When you first see your primary care physician for an illness or injury he will take a history and perform a physical examination. Blood work and/or a urinalysis may be ordered. An x-ray may be taken at the doctor’s office or at another facility.
Depending upon your primary care’s initial diagnosis he may order more extensive diagnostic tests or refer you to a specialist who may then order those tests. Additional non invasive tests might include an MRI, CT scan or a minimally invasive biopsy. Many of these tests are subject to interpretation by yet another physician. For example, x-rays, MRIs and CT scans will be “read” by a radiologist while biopsies will be studied by a pathologist.
Occasionally mistakes are made when interpreting a diagnostic test. For this reason the importance of second opinions cannot be overstated. A positive test indicating that major surgery or other involved treatment is necessary warrants a second look by another physician. On the other hand, a negative result may lead to harmful delay in receiving proper treatment. Your overall health history and/or predisposition to disease or illness are critical factors in seeking additional tests and second opinions.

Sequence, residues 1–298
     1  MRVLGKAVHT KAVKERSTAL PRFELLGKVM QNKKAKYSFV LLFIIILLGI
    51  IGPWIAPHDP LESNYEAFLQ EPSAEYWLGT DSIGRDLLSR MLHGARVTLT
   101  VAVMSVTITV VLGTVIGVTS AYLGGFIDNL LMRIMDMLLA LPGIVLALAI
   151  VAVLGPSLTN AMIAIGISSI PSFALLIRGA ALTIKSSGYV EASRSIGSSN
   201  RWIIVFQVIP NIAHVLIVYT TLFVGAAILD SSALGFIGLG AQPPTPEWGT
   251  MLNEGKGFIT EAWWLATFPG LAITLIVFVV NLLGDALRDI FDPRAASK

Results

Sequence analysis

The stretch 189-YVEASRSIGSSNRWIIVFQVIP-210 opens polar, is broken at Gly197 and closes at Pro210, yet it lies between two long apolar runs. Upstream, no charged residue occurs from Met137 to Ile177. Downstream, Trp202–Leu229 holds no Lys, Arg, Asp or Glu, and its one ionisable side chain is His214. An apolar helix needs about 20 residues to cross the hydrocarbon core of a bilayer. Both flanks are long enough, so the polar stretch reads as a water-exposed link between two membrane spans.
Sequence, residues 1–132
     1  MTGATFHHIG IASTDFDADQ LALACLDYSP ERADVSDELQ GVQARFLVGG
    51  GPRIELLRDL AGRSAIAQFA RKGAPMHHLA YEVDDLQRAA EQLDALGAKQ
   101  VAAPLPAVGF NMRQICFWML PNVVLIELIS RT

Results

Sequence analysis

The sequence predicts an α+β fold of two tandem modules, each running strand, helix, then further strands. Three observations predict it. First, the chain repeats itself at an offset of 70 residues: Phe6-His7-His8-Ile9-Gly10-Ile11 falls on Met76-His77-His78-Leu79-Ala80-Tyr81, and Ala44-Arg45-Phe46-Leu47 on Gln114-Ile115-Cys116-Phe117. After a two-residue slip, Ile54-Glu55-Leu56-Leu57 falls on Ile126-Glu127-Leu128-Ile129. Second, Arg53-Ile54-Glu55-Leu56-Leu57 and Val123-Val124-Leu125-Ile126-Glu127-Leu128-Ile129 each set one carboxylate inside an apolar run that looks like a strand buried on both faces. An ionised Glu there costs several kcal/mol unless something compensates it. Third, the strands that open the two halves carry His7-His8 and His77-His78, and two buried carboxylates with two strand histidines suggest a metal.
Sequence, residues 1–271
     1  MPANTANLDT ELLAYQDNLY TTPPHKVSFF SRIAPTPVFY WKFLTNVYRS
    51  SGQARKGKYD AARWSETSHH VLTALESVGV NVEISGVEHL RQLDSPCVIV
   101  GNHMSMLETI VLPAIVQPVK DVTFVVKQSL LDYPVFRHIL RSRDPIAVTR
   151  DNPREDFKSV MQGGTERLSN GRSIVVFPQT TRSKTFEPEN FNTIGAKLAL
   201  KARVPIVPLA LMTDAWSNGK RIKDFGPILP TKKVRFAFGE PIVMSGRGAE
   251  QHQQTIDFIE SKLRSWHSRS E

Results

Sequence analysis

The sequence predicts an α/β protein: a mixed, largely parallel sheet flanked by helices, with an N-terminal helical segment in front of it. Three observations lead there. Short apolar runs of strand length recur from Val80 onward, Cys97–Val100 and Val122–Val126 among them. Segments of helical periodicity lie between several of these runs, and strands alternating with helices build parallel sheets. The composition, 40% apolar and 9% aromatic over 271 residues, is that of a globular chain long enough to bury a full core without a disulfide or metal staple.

3. Specialists –
Your family physician or other medical personnel may recommend you to a specialist for your illness or injury. Ask for the names of two or more specialists to choose from and then apply the same research principles used in securing a primary care physician, including getting recommendations from friends and those in the medical community. Run the name(s) through the Arizona Medical Board to ensure that the doctor(s) in question is board certified in whatever specialty meets your particular needs. It is a good idea to plan to visit with at least two doctors and if, after selecting one, he recommends surgery or other involved treatment protocol do not be afraid to ask for a second opinion!